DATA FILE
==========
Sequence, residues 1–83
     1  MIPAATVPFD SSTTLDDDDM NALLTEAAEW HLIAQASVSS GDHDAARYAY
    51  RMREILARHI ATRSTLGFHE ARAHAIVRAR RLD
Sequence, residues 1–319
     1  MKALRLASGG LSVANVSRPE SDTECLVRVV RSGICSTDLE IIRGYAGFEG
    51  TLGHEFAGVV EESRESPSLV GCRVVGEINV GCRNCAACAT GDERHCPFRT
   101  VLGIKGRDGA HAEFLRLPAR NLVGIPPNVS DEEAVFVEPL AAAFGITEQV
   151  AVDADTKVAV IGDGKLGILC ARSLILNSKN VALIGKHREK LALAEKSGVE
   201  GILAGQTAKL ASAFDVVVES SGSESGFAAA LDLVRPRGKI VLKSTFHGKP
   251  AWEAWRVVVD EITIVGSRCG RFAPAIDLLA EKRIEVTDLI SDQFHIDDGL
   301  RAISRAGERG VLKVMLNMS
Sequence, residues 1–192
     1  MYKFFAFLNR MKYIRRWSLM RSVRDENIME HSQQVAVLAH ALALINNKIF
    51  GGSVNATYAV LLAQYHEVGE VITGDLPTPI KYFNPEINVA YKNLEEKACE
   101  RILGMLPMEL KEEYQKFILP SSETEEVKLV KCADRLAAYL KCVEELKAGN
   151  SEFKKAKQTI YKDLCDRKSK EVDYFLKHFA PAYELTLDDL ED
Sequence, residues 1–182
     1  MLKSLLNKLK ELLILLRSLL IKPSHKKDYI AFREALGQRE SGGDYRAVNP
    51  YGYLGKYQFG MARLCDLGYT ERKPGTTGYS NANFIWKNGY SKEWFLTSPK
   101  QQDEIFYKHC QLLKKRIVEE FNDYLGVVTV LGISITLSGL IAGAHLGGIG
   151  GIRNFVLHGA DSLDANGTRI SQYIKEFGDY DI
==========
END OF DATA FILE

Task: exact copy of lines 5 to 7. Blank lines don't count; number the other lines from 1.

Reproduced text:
     1  MKALRLASGG LSVANVSRPE SDTECLVRVV RSGICSTDLE IIRGYAGFEG
    51  TLGHEFAGVV EESRESPSLV GCRVVGEINV GCRNCAACAT GDERHCPFRT
   101  VLGIKGRDGA HAEFLRLPAR NLVGIPPNVS DEEAVFVEPL AAAFGITEQV